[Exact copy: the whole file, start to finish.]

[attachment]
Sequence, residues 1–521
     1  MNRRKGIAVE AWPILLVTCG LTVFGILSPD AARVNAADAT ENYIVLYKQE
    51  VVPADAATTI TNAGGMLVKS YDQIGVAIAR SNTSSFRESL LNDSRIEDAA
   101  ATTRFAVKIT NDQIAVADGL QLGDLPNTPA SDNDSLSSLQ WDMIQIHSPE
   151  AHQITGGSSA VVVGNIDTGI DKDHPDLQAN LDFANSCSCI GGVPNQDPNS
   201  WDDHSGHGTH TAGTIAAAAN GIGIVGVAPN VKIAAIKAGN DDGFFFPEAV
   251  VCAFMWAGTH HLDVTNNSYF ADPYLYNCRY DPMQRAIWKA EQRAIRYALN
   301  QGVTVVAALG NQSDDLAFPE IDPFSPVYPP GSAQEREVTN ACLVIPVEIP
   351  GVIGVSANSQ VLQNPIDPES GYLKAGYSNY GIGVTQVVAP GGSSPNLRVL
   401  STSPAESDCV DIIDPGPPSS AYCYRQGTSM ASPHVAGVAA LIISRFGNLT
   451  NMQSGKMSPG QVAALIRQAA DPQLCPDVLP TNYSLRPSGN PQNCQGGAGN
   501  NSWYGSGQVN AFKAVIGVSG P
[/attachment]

Sequence, residues 1–521
     1  MNRRKGIAVE AWPILLVTCG LTVFGILSPD AARVNAADAT ENYIVLYKQE
    51  VVPADAATTI TNAGGMLVKS YDQIGVAIAR SNTSSFRESL LNDSRIEDAA
   101  ATTRFAVKIT NDQIAVADGL QLGDLPNTPA SDNDSLSSLQ WDMIQIHSPE
   151  AHQITGGSSA VVVGNIDTGI DKDHPDLQAN LDFANSCSCI GGVPNQDPNS
   201  WDDHSGHGTH TAGTIAAAAN GIGIVGVAPN VKIAAIKAGN DDGFFFPEAV
   251  VCAFMWAGTH HLDVTNNSYF ADPYLYNCRY DPMQRAIWKA EQRAIRYALN
   301  QGVTVVAALG NQSDDLAFPE IDPFSPVYPP GSAQEREVTN ACLVIPVEIP
   351  GVIGVSANSQ VLQNPIDPES GYLKAGYSNY GIGVTQVVAP GGSSPNLRVL
   401  STSPAESDCV DIIDPGPPSS AYCYRQGTSM ASPHVAGVAA LIISRFGNLT
   451  NMQSGKMSPG QVAALIRQAA DPQLCPDVLP TNYSLRPSGN PQNCQGGAGN
   501  NSWYGSGQVN AFKAVIGVSG P